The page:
At what point has Artificial Intelligence become advanced enough to be considered life? Is it once it passes for human? Once it has emotions, wants and needs? Once it’s self-aware?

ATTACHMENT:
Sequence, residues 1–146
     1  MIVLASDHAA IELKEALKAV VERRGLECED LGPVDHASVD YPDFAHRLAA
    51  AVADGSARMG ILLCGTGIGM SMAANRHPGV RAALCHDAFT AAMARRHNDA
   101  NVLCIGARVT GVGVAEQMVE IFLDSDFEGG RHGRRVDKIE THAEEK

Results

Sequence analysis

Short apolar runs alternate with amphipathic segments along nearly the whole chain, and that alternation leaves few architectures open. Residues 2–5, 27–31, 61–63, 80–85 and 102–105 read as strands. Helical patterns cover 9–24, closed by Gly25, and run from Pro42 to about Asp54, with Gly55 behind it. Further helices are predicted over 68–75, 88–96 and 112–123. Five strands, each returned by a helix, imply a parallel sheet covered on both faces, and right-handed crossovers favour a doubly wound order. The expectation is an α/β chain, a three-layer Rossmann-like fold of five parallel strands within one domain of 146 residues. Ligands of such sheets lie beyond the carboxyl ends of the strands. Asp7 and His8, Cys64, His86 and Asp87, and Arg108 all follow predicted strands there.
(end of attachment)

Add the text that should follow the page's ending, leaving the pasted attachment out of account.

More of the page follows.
This is one of several core questions behind Alex Garland’s directorial debut, Ex Machina. The film is a surprisingly intimate sci-fi drama in which Domhnall Gleeson plays Caleb, a computer programmer at a Google stand-in. Caleb is invited to the isolated estate of tech-billionaire-genius Nathan (Oscar Isaac) under the pretense of having won a week-long retreat. Once there, he discovers that the true purpose behind the invitation is far more interesting. In addition to boozing it up with his boss, Caleb is tasked with evaluating an advanced A.I. of Nathan’s creation, Ava (Alicia Vikander). In a series of sessions, he must test her humanity in an updated version of the Turing test. The film is extremely tightly written. Its relatively modest budget is used to the fullest extent, and like any good sci-fi film, Ex Machina uses the sci-fi genre to generate discussion on modern concerns. [Spoilers] from here on.